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View Full Version : Article 50 won't be triggered this year under Gove



Milkyway
1st July 2016, 11:20
Gove says article 50 won't be triggered this year.

Tory leadership contest and Brexit latest - BBC News (http://www.bbc.co.uk/news/live/uk-politics-36570120)

Now, I say, it will never be triggred! :rollin:

BlasterBates
1st July 2016, 11:29
The EU won't negotiate any trade terms until exit negotiations are completed, which themselves would be complicated and drawn out.

Brexit: Tensions emerge over UK-EU trade negotiations - BBC News (http://www.bbc.com/news/uk-politics-eu-referendum-36682735)

not looking good for the next PM, what a farce.

That's what happens when you pick a fight with someone who is 10 times the size of you.

:D

GB9
1st July 2016, 11:46
Gove says article 50 won't be triggered this year.

Tory leadership contest and Brexit latest - BBC News (http://www.bbc.co.uk/news/live/uk-politics-36570120)

Now, I say, it will never be triggred! :rollin:

Keep dreaming. Gove won't be in a position to trigger anything.

We have a stand off. The EU is correct in that why would they bother negotiating an exit when no one had said they are going to exit.

Equally, they know we will exit and are getting mightily peed off waiting.

The French have already indicated freedom of movement is o the table, so who blinks next?

Milkyway
1st July 2016, 12:01
Keep dreaming. Gove won't be in a position to trigger anything.

We have a stand off. The EU is correct in that why would they bother negotiating an exit when no one had said they are going to exit.

Equally, they know we will exit and are getting mightily peed off waiting.

The French have already indicated freedom of movement is o the table, so who blinks next?

Eh? What is there to dream?

I am saying he won't be triggering it, and in fact we as UK will NOT (and cannot afford to!) trigger it at all, and we will remain in the EU for ever, no matter who wins the fancy dress contest.

Brexit is nothing but chaos!

BrilloPad
1st July 2016, 12:03
Eh? What is there to dream?

I am saying he won't be triggering it, and in fact we as UK will NOT (and cannot afford to!) trigger it at all, and we will remain in the EU for ever, no matter who wins the fancy dress contest.

Brexit is nothing but chaos!

So much for the "democratic" will of the people.

The way out is to do something about non-EU immigration, and/or build more houses/infrastructure.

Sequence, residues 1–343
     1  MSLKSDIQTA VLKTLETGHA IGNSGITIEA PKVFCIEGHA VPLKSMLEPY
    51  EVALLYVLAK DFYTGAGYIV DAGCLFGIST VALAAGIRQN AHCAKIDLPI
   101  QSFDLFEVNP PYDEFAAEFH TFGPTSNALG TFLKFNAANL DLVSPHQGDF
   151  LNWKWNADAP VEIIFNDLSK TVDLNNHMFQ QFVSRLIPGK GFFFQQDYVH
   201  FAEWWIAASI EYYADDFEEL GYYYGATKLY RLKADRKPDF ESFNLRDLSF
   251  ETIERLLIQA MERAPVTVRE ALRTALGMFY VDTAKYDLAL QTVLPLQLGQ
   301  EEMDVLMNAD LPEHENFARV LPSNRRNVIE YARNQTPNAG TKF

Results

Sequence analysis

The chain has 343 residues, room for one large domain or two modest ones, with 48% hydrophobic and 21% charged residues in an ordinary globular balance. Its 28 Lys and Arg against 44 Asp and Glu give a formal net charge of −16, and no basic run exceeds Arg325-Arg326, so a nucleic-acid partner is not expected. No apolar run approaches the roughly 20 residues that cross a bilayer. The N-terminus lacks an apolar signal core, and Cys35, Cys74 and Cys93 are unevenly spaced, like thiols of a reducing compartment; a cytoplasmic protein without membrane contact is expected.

Then have another vote.....

GB9
1st July 2016, 12:04
Eh? What is there to dream?

I am saying he won't be triggering it, and in fact we as UK will NOT (and cannot afford to!) trigger it at all, and we will remain in the EU for ever, no matter who wins the fancy dress contest.

Brexit is nothing but chaos!

You are still dreaming that we will stay in the EU. Forever and ever and ever........ (ad lib to fade).

NotAllThere
1st July 2016, 12:07
You are still dreaming that we will stay in the EU. Forever and ever and ever........ (ad lib to fade).Ad infinitum, ab nauseum, possibly. But not ad lib. Unless you expect him to start an improvisational workshop while waiting for the exit button to be pressed.

GB9
1st July 2016, 12:09
Ad infinitum, ab nauseum, possibly. But not ad lib. Unless you expect him to start an improvisational workshop while waiting for the exit button to be pressed.

I wouldn't put it past him.

Pondlife
1st July 2016, 12:21
Release some of that frustration

Slap Michael Gove (http://games.usvsth3m.com/slap-michael-gove/)

psychocandy
1st July 2016, 12:25
So much for the "democratic" will of the people.

The way out is to do something about non-EU immigration, and/or build more houses/infrastructure.

Then have another vote.....

Surely if it turns out we dont exit then it was a bit pointless having a referendum in the first place.

However, has confirmed that referendums are a waste of time. Why have parliament and mps if you're going to have referendums?

CretinWatcher
1st July 2016, 12:48
so who blinks next?

You lot are still in la-la land:laugh

The EU doesn't have to do a thing, just wait till investment in the UK dries up and companies start relocating to EUrope to access the larger markets. Then we'll go in with our begging bowl.

vetran
1st July 2016, 12:53
Surely if it turns out we dont exit then it was a bit pointless having a referendum in the first place.

However, has confirmed that referendums are a waste of time. Why have parliament and mps if you're going to have referendums?

If we get a much better deal and stay in the common market not march towards the EUSSR then its a total result.

The choice was between ever closer union & getting out the EU told us so.

CretinWatcher
1st July 2016, 13:01
The choice was between ever closer union & getting out the EU told us so.

Nope. The EU acknowledged that the UK would have the right to NOT JOIN ANY POLITICAL UNION, and I quote, "IN PERPETUITY".(I know you're a Brexiter, so I'll translate, that means NEVER).
That was going to be writen into the Treaty documents.
Now it's null and void.
We will be going back into the EU at some point, either sooner, if the economy tanks worse than expected or later, when the people over 50 have died out and the younger generation takes us back in.
But we will never have as good terms as we had.

woohoo
1st July 2016, 13:05